There are other disaffected employees at OSC, according to a whistleblower specialist at another agency who also spoke on condition of anonymity. Having contacted many OSC staffers, this specialist told Government Executive that “in most cases OSC will do little to nothing even for whistleblowers with meritorious cases, and has time and again not only allowed, but caused harm to those who come to OSC for whistleblower protection.”
Still, many others in the whistleblower advocacy community remain fans of Lerner’s leadership.
Tom Devine, legal director at the nonprofit Government Accountability Project, said he finds the anonymous employees’ complaints perplexing. “On balance, in terms of track record supporting the mission, the current OSC administration is unsurpassed in the agency’s history,” he told Government Executive. “They could do better in some areas,” he said, but on the whole, the current OSC is vastly improved compared to the way it operated in the past.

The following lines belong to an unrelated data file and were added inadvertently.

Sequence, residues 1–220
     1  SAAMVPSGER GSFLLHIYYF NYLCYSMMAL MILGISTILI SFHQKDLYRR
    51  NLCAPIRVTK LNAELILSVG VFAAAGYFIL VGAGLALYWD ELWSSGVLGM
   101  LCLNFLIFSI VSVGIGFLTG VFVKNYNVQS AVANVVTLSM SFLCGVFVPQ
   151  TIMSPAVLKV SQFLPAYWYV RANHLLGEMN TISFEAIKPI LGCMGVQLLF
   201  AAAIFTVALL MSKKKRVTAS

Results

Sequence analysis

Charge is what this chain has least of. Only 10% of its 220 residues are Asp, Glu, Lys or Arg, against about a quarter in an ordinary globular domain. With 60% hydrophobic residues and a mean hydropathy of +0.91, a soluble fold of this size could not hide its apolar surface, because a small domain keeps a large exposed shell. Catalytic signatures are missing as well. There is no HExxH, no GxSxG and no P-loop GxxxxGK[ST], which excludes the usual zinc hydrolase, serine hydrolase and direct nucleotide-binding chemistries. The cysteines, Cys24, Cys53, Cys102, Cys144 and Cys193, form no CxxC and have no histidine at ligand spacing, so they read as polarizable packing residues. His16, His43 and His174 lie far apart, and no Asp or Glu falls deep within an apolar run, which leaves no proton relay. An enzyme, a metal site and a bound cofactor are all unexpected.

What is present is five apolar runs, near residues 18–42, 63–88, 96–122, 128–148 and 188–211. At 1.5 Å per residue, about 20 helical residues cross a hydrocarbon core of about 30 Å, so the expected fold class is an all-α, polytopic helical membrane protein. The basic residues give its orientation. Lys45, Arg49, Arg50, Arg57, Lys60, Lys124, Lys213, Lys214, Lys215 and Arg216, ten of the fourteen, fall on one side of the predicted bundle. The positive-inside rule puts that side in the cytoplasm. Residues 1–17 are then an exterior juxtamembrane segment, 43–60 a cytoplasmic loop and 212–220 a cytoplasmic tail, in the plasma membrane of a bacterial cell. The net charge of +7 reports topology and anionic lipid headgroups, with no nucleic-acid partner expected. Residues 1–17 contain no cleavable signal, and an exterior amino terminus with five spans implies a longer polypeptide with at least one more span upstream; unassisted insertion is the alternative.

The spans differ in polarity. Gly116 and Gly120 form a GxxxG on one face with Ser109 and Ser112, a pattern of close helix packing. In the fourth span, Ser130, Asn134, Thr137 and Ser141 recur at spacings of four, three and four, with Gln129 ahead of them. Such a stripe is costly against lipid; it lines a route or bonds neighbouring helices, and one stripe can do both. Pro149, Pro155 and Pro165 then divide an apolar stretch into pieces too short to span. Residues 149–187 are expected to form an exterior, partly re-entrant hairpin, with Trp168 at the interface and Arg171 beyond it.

Of Lerner, he said, “no special counsel since 1978 could hold her head higher.”
Liz Hempowicz, a public policy associate at the Project on Government Oversight, said, “We supported the Lerner re-nomination, but we’re also aware of concerns about employee complaints as evidenced in the Federal Employee Viewpoint Survey. We’ve spoken with OSC and know they’re taking it seriously and taking steps. As an organization, we have been supportive of the good work done in the last few years, a lot of it under Lerner.”
Charles S. Clark